School commitment and alcohol use: The moderating role of race and ethnicity.

Tamela McNulty Eitle, David James Eitle

Abstract


Research indicates that lower levels of school commitment may be one potential outcome of policy initiatives such as high-stakes testing and exit exams. Such outcomes may lead these policy initiatives to have unintended consequences for students, particularly racial or ethnic minority students. This study examines whether race or ethnicity moderate the relationship between school commitment and alcohol use or binge drinking among a sample of Florida public middle and high-school students who were surveyed as part of the 2002 Florida Youth Substance Abuse Survey. Low school commitment was found to be associated with a greater likelihood of alcohol use in the past 30 days and a greater likelihood of binge drinking during the past two weeks for Black, Hispanic, and White students. Both the higher average levels of school commitment among Black and Hispanic than among white students and the greater association between low school commitment and the two alcohol use outcomes for Black and Hispanic students compared to White students account for some of the difference in alcohol use and binge drinking among the different groups.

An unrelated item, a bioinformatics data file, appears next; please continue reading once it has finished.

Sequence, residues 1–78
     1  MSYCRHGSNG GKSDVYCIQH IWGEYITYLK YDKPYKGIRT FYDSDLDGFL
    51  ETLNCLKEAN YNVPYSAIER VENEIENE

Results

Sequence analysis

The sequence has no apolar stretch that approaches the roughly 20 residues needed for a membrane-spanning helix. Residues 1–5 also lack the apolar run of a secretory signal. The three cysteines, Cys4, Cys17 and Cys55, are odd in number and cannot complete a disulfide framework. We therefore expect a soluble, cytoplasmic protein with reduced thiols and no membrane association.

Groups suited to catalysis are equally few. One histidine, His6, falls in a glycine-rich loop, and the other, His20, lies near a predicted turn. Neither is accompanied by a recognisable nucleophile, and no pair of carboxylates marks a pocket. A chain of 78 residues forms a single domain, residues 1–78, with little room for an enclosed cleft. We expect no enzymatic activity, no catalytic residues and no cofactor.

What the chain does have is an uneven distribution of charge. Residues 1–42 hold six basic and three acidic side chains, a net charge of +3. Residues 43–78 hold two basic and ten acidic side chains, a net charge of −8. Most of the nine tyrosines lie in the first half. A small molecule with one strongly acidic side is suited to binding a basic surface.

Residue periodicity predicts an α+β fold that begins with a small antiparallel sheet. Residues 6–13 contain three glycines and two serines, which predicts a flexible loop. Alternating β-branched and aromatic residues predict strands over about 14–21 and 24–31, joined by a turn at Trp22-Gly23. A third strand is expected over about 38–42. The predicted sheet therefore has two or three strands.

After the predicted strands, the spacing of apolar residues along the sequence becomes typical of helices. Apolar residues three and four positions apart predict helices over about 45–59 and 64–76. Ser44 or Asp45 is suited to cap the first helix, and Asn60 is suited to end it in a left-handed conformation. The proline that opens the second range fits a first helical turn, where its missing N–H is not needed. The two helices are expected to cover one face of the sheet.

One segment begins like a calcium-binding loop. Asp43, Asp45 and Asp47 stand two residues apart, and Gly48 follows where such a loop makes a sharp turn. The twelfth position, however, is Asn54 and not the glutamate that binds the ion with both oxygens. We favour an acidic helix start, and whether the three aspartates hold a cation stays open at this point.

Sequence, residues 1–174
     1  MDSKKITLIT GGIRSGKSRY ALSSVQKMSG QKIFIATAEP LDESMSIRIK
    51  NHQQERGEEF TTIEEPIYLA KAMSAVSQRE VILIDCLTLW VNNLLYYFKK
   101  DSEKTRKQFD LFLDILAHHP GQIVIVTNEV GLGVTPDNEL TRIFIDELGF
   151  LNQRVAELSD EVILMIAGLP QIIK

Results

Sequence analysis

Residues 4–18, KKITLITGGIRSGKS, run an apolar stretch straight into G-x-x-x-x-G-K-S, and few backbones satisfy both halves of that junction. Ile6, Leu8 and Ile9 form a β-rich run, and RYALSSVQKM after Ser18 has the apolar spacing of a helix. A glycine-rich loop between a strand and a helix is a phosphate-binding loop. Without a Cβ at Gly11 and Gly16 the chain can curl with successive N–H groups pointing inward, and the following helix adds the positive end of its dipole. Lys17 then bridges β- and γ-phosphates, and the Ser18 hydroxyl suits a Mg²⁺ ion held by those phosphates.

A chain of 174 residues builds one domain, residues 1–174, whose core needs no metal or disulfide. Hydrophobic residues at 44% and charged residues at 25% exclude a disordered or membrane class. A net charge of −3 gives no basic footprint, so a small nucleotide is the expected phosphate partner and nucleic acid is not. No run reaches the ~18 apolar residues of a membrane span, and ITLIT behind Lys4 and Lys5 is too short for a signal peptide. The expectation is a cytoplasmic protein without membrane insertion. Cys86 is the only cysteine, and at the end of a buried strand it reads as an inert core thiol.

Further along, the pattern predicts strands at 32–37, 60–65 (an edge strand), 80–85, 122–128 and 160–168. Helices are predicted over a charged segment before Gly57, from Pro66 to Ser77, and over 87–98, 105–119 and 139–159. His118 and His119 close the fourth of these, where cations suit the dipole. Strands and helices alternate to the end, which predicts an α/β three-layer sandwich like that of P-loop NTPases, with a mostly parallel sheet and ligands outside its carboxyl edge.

1 Financial assistance for this study was provided by the National Institute on Alcohol Abuse and Alcoholism (grant number R01 AA13167) and the National Institute of Drug Abuse (grant number R01 DA018645-01A1). We gratefully acknowledge Michael French and members of the Health Economics Research Group (HERG) for their research suggestions and William Russell for editorial assistance. The authors are entirely responsible for the research and results reported in this paper, and their position or opinions do not necessarily represent those of NIAAA or NIDA.

Keywords


alcohol use; racial difference; adolescence.

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DOI: http://dx.doi.org/10.14507/epaa.v15n22.2007

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